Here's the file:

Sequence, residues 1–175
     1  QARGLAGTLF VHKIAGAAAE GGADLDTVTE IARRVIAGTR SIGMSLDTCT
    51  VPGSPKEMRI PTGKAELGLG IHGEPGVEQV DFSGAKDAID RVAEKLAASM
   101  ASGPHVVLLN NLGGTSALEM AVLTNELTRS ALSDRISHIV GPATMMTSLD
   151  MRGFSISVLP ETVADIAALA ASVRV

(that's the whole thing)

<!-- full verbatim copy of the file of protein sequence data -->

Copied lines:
Sequence, residues 1–175
     1  QARGLAGTLF VHKIAGAAAE GGADLDTVTE IARRVIAGTR SIGMSLDTCT
    51  VPGSPKEMRI PTGKAELGLG IHGEPGVEQV DFSGAKDAID RVAEKLAASM
   101  ASGPHVVLLN NLGGTSALEM AVLTNELTRS ALSDRISHIV GPATMMTSLD
   151  MRGFSISVLP ETVADIAALA ASVRV